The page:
Many of the parenting supports we refer to talk about offering praise/ support/ encouragement 8 times for everyone one criticism or negative piece of feedback. While this might seem contrived, if you put yourself in your kids shoes and ask yourself how it feels to be told everything you are doing is wrong (even in small ways) you can see how quickly demoralized they might get. As a parent you might simply be offering advice or instruction on how to finish or do a task but the message instead is “you don’t know how to do this or you didn’t do it right”. It’s not a bad message, but ten little notes like that in a row without a single “great job, you tried hard, you are making progress” is tough.

Now translate this to your partner. How many times a day do you find yourself offering a criticism because they didn’t do something the way you would do it, or they didn’t do it right, or they forgot something or, or, or. How many of those positive notes do you give in contrast. Appreciating small things, sharing gratitude for all the things made possible by your spouse? What’s your ratio? Can you image how the energy would shift if you shited the ratio the other way to lots of appreciation and only some criticism.

4. Get clear on who/what you are really mad at anyways?

Further to point #3 I have noticed a peculiar tendency in myself. I’ve observed that  when my criticism level goes up - generally as internally bitching that my husband has not done xyz, I’m typically experiencing some stress or burn out that is flipping me into negative brain gremlins. This means that my as my stress level goes up my tolerance level for things goes down - but it also means that instead of acknowledging my stress I make my husband the scapegoat.

I’m learning to recognize that when my criticism goes into overdrive I need to stop, slow down and ask myself what I really need. Do I really need all the laundry and every chore done NOW, or do I actually need a good meal and some sleep, or maybe a vent session about money stress, or maybe just a good cuddle.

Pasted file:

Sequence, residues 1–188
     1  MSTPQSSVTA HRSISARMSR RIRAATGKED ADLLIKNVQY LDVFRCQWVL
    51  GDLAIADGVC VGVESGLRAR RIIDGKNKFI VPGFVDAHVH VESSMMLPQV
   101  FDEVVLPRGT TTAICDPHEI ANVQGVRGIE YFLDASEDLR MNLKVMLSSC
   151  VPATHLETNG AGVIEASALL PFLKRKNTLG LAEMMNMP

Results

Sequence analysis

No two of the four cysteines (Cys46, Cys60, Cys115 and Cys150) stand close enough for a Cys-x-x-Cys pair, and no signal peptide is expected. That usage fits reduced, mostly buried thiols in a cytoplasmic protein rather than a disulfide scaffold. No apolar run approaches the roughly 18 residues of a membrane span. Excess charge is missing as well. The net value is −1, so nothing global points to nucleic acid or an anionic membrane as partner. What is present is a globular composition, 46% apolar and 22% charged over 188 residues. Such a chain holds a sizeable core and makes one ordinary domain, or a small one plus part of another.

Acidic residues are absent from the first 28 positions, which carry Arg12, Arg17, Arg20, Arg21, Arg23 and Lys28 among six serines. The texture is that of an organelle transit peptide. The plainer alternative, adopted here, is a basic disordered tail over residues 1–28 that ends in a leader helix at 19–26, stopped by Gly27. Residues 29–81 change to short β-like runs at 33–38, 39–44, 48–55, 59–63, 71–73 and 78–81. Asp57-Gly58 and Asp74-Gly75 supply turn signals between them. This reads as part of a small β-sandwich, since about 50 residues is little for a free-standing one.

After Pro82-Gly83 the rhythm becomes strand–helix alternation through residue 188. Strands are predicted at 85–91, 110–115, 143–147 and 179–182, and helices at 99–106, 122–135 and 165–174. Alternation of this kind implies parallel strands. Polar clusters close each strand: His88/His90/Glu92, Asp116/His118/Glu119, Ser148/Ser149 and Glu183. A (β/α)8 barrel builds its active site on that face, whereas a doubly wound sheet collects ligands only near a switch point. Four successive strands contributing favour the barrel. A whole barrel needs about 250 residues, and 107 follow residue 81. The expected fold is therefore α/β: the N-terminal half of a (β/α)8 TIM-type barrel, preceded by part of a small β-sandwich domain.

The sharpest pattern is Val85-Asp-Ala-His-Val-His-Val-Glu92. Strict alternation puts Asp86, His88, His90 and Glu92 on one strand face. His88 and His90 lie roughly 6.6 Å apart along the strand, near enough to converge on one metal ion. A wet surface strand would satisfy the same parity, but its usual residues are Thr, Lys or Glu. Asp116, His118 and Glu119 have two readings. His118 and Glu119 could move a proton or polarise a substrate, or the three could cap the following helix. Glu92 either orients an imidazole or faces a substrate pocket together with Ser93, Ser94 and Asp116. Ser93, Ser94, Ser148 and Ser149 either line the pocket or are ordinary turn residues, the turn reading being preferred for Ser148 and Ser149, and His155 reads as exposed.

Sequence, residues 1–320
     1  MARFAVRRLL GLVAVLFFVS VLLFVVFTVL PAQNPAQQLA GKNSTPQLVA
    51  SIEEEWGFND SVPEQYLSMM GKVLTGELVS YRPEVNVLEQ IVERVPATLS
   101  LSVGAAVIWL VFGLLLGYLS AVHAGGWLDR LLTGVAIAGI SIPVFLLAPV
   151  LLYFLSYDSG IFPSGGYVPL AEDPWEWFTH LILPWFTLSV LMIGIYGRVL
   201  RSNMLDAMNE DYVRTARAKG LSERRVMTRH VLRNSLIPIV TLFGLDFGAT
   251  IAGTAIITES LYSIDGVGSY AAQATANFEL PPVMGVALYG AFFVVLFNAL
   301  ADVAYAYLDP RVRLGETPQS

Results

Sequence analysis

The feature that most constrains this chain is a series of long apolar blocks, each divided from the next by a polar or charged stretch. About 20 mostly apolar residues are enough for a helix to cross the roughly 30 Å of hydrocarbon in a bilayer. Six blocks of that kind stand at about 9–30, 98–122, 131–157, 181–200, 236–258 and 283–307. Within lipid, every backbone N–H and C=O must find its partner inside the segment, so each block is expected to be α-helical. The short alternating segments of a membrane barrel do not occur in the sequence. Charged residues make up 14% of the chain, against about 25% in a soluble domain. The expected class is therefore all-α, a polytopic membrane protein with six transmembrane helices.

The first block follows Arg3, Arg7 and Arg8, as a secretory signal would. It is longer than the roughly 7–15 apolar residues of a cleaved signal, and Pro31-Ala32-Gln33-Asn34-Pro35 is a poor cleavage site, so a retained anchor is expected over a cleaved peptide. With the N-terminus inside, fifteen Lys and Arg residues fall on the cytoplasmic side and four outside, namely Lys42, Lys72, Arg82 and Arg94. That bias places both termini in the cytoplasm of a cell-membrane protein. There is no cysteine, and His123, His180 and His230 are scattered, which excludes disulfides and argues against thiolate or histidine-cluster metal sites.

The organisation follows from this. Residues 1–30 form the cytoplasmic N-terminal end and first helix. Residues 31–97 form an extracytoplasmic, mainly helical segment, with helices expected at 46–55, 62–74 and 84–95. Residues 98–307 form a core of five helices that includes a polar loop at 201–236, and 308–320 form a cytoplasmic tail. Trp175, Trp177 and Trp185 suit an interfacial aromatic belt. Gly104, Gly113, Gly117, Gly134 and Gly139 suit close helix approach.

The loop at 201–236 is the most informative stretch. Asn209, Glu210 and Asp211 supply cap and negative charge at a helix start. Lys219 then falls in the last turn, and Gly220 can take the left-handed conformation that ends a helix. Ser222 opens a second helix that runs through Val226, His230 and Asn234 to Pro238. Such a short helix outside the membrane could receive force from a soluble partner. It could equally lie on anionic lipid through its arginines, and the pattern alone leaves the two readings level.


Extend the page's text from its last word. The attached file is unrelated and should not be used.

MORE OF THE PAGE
Be careful to observe where those criticisms come from. Are you actually mad at your partner for xyz or are you ignoring a need you have not recognized in yourself yet. 

5. Space for you, space for me and space for we
When we first got together my man was a busy single dad finishing school and working and I was a busy self-employed gal about town. We both have a penchant for taking on a lot and being involved in many things. It was fuels us. Early on we made the promise that we would make space for the “you” , the “me” and the “we” in our relationship. This means we do our best to give each other time each week and month to see our friends and do our things as well as make space for time together doing what we love. Often when things get out of balance it’s because one of us has not had enough me time lately. So make sure there is space for the “holy trinity” in your marriage:)

There have been many more lessons in my marriage but these are my favourite. I’d love to hear your biggest relationship lessons. Share in the comments and let me know what you have learned about how to keep your relationship strong. 

A toast to you who dare to take on the challenge of loving someone through the rest of your life. It is no small feat and we will do it only by helping each other through. 

Sofia FortinComment